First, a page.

- The Washington Times - Thursday, April 5, 2007

I had to laugh to keep from crying yesterday, when the following statistics from the Commission on No Child Left Behind popped into my e-mail box: “Since 1994, the number of English language learners in U.S. schools has grown from 2 million to 3 million students in 2000 and to 5 million students today. This represents a 65 percent increase in the English language learner population since 1994.”

Now I know that by “English language learners” the commission means students for whom English is not their native language, but let’s be real. While local governments, educrats and the unenlightened continue to make it a top priority for people from other lands to “learn” English, what about the children whose American roots run as deep as a Live Oak?

Look at English literacy another way. When I visited Israel, Cairo, Ghana and Uganda in recent years, I always made a point of visiting schools, and was utterly delighted to speak with children who spoke multiple languages. They spoke English, of course, but also, because of colonialism, they spoke French, Hebrew, German, Arabic, Dutch and tribal or regional dialects. Yet, here in American, we’ve allowed the functional-illiteracy rate in the nation’s capital to rise to 36 percent. (God almighty help us if we have to revert to signatures of X’s.)

Every language has distinctive beauty and perfect idiosyncrasies, and English is no different. And where would America be without the huddled masses that came here to be free?

The literacy problem grows because the common national identity — American English — seemingly is a priority no more. We teach Vietnamese children in their language, Latinos in Spanish. What in heaven’s name are we teaching American children?

How shameful in a country that once enacted laws that prohibited slaves from reading. For generations, blacks utilized the Bible as a language instructor. And it wasn’t just blacks either. Scots, Irish and Italians depended on the Bible, too, and not just for nourishing the soul.

We have a moral obligation to educate our young so that the next generation is better off than the current one. We have fallen way short of that responsibility and, in some instances, have actually moved backward. In D.C., for example, students used to take courses in foreign languages — French, Spanish, Latin, Russian — in high school, but often beginning in elementary school. Today, students learning a foreign language are from other continents but being taught English.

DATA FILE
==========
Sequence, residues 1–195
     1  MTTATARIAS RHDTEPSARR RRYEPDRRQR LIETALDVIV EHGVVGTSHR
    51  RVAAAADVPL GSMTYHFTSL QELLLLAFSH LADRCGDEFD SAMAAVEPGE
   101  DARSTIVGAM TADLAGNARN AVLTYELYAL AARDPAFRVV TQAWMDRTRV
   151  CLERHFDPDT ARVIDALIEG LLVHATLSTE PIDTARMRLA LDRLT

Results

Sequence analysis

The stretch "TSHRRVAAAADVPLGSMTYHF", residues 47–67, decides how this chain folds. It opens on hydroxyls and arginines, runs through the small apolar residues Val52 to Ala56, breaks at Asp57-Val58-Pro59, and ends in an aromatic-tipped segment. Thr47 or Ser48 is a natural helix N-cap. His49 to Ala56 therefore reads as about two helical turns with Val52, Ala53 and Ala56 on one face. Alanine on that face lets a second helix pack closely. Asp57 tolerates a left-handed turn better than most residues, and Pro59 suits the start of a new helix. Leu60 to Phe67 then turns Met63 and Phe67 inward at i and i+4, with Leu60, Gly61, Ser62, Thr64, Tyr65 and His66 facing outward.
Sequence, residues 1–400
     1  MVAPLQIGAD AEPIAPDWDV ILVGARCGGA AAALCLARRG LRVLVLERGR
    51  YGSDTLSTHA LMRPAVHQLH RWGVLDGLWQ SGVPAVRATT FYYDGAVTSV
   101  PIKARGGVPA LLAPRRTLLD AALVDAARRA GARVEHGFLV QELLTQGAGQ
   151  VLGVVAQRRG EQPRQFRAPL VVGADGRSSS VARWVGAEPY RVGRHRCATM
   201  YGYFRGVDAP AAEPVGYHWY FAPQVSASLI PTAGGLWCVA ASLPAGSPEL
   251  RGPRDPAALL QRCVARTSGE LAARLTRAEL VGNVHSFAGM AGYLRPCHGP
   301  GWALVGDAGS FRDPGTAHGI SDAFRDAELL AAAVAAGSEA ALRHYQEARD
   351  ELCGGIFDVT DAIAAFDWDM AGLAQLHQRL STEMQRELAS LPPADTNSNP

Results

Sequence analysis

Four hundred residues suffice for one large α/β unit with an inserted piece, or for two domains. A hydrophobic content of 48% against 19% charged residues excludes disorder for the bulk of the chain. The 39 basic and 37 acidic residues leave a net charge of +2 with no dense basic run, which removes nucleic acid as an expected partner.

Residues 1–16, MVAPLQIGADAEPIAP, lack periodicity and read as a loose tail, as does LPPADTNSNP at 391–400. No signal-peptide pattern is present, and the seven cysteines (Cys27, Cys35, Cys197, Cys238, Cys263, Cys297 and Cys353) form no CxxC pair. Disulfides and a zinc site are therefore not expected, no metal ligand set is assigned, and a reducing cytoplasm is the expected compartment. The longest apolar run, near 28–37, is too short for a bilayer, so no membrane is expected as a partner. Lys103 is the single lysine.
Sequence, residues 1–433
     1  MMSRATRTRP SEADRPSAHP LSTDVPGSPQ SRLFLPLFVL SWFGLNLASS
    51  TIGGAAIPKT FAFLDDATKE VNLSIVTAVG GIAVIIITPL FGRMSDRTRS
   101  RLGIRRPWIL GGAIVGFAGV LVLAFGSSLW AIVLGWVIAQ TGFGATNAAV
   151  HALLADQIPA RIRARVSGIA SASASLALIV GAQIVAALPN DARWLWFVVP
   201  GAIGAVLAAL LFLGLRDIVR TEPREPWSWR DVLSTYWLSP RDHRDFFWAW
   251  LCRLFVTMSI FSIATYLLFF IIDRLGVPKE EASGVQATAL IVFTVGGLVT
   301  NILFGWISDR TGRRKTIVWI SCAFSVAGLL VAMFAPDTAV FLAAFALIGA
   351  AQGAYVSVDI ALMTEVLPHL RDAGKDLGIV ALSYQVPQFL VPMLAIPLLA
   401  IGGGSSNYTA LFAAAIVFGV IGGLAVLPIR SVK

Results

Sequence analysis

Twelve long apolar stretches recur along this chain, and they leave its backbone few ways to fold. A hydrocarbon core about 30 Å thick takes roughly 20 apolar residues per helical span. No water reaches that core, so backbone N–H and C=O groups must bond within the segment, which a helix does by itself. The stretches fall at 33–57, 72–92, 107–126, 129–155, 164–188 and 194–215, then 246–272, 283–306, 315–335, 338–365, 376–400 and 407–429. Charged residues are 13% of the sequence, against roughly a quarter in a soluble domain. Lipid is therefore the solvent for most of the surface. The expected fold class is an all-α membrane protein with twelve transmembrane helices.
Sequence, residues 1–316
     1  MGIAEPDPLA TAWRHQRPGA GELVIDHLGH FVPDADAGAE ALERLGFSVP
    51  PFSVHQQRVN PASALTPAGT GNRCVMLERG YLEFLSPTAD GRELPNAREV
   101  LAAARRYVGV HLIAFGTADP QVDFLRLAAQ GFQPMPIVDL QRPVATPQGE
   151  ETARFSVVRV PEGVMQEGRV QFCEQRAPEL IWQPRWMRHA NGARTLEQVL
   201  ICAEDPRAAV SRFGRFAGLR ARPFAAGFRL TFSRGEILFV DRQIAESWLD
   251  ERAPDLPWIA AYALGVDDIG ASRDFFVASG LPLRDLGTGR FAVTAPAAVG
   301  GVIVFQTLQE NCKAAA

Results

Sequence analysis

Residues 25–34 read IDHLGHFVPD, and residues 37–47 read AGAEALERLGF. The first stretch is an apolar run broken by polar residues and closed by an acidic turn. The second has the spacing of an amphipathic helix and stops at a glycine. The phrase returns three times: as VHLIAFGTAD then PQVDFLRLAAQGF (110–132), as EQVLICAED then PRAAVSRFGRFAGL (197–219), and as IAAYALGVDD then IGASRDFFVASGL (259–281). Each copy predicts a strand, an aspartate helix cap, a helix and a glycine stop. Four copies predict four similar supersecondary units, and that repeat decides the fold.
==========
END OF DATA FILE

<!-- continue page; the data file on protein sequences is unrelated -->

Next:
What happens when illiterate juveniles become illiterate adults? If — and that’s a big if — if they manage to get employment for hourly wages, they still shortchange their employers. In 2001, for instance, the National Association of Manufacturers survey of employers about skill deficiencies found some brutally honest information. The results: 59.1 percent stated poor basic employability skills (attendance, work ethic, etc.); 32.4 percent had poor reading/writing skills; 26.2 percent had inadequate math skills; 25 percent were unable to communicate; and 23.7 had poor English language skills.

While a dropout might be able to get a job as a janitor at his neighborhood high school, he limits his own employment prospects and his ability to take care of his growing family if he’s incapable of such simple tasks as calculating how much wax he uses for classroom and hallway floors on a quarterly basis. Forget about developing the technical skills to become a certified mechanical engineer.

The economic and social costs of illiterate, low-skilled Americans hurts all American taxpayers — and the costs are undeniable, too. As an April 4 special report by the Heritage Foundation pointed out, the average low-skilled household received $32,138 in immediate benefits and services — i.e. welfare, food stamps, Social Security, etc. — from federal, state and local governments in fiscal 2004. The report said: “[T]here were 17.7 million low-skill households. … Over the next ten years the net cost of these households to the taxpayer will be at least $3.9 trillion.”

Who’s who, you ask? “While 9 percent of native born adults lack a high school degree,” the Heritage paper said, “the figure is 25 percent for legal immigrants, and roughly 50 percent for illegal immigrants.”

That picture mirrors the rhetoric that popped into my e-mail. It’s a crying shame.

Hmm. Live Oaks, Bibles and literacy. Think either will wield influence on that guy who occupies the White House and cares ever-so-much about the voluntary slaves who cross our southern border?

I hardly oppose the No Child Left Behind Act. I oppose policy-makers, bureaucrats and pundits who don’t put the interests of American children first. The last thing American children of illiterate American parents need is to be promoted through public schools without thoroughly grasping English.

Let’s see what President Bush and Education Secretary Margaret Spellings do about that.

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